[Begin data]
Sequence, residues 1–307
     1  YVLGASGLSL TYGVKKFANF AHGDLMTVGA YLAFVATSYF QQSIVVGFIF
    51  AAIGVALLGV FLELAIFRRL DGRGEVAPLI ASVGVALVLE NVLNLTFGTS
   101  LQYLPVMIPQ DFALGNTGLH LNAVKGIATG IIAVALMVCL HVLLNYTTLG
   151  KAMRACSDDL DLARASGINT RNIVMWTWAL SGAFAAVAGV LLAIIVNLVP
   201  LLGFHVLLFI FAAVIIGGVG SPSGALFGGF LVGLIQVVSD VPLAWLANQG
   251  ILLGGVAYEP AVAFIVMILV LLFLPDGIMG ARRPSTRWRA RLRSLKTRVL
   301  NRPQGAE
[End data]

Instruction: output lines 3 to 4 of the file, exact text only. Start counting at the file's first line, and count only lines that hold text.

    51  AAIGVALLGV FLELAIFRRL DGRGEVAPLI ASVGVALVLE NVLNLTFGTS
   101  LQYLPVMIPQ DFALGNTGLH LNAVKGIATG IIAVALMVCL HVLLNYTTLG